The set of basic compensation curves must be provided and stored to account for the timing errors that can result from the characterisitics of the x-ray tube power supply. These errors are significant during short AEC exposures such as exposures under 20 ms duration. As previously indicated, timing errors due to delayed closing of the contactor in the x-ray power supply circuit after the exposure start command is given and delayed opening after the exposure stop signal is given are rather constant at any selected x-ray tube kV and mA but they must be accounted for. Inherent capacitance in the x-ray tube power supply, including the cables that supply the x-ray tube, can cause variations in the rise and fall times of the x-ray pulse depending on the selected kV and mA levels. For instance, with a fixed inherent capacitance it will take longer to discharge the cables when a high mA has been flowing before the contactor opens than when low mA has been flowing so the pulse has a longer decay time and the exposure is extended. When longer exposures are determined by the AEC, such as above 20 ms, rise and decay time and other timing errors due to the power supply have little significance because the errors are such a small percentage of the whole timing interval.
In accordance with the invention, a set of basic compensation curves for selected combinations of kV and mA over a range of 60 to 150 kV and 10 to 1000 mA are typically required. On first impression this appears to be a high number and would require a lot of ROM storage as compared to the prior art approach where an attempt was made to get by with one curve. But one curve was usually nothing more than a poor compromise and compensation could not be made substantially independent of the x-ray power supply characteristics nor did it permit taking into account how the curve should be modified when different radiation sensors, film-screen combinations, imaging modes and so forth were involved in an AEC system.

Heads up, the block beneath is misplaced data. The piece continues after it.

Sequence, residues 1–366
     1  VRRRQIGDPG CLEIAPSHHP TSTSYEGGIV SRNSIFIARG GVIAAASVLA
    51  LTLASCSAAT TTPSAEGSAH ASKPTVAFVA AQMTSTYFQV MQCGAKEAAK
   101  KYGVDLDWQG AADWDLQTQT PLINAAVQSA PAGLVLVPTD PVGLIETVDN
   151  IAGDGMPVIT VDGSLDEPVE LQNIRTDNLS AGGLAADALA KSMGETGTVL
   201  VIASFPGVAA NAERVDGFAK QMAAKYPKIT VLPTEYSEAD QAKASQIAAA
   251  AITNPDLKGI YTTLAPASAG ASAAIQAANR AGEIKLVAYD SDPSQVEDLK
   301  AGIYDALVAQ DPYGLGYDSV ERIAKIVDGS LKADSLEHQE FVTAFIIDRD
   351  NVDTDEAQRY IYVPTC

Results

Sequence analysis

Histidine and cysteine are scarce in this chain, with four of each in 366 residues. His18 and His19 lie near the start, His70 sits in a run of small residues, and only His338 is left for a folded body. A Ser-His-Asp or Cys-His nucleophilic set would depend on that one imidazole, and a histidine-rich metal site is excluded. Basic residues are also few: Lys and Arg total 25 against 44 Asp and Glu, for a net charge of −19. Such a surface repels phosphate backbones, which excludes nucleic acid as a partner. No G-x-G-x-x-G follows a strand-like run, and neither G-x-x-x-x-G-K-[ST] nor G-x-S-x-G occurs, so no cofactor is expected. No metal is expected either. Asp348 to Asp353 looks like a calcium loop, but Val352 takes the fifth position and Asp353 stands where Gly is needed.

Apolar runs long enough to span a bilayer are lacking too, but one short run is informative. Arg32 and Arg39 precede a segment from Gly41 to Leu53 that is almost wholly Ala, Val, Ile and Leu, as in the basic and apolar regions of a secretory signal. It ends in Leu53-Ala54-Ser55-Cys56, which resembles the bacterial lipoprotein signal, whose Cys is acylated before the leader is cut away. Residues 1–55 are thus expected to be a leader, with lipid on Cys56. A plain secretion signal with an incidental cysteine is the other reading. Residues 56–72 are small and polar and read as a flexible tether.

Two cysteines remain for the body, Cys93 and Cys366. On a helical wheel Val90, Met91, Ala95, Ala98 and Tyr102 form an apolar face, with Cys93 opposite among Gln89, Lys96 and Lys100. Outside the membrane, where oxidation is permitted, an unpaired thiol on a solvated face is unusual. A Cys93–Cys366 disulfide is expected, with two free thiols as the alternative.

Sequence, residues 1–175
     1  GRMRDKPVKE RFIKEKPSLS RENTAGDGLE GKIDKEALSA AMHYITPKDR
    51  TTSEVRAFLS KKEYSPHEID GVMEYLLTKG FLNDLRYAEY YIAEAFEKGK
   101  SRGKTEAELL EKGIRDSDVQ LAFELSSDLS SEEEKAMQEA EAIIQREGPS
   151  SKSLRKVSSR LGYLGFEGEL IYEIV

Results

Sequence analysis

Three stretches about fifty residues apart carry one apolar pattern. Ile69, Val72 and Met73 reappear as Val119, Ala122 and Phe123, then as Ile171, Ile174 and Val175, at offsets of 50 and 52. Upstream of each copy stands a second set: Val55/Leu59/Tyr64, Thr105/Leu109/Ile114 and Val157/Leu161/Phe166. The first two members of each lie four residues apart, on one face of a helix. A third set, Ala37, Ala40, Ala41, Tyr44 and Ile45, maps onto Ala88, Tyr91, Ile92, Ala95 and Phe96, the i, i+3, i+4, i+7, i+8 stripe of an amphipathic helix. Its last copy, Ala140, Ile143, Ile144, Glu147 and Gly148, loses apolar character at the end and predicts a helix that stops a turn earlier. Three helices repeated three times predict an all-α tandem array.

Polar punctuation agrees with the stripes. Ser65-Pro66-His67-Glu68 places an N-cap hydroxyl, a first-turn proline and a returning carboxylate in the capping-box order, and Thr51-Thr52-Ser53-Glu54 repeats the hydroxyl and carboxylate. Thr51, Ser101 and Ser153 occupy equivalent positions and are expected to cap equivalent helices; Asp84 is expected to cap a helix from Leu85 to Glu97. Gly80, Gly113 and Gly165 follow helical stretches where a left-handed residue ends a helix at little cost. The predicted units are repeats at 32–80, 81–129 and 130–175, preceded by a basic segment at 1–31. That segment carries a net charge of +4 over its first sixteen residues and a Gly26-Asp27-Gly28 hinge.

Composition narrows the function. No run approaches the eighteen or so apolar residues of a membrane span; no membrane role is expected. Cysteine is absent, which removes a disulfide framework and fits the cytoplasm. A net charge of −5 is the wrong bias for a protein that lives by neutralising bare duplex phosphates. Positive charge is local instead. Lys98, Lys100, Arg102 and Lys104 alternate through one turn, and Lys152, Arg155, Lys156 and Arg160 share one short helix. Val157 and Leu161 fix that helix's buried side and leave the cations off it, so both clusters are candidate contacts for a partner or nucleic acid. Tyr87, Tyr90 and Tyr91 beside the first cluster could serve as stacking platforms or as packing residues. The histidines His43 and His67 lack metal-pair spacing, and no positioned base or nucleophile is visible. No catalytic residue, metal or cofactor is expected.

The basic compensation curves are plots (actually data representative of coordinates) of the reference voltage that must be produced at any given exposure time to get a film image having proper density. Basic curves are obtained as follows. The x-ray power supply, switching devices or contactors, x-ray tube, x-ray tube supply cables and so forth that are to be controlled by the AEC system are used to get the data for the basic curves. A conventional pre-existing AEC system may be used with this equipment and this implies that a sensor senses the radiation during an exposure, the sensor signal is integrated to indicate dose rate, the integrated signal is compared with a reference signal and when the signals reach equality a command signal results which effects turning off the x-ray tube to end an exposure.
The first operation prior to developing one of the basic compensation curves is to calibrate the AEC system which may be a prior art system that has an integrator and comparator comparable to integrator 32 and comparator 35 and that terminates the x-ray exposure when a comparison is made.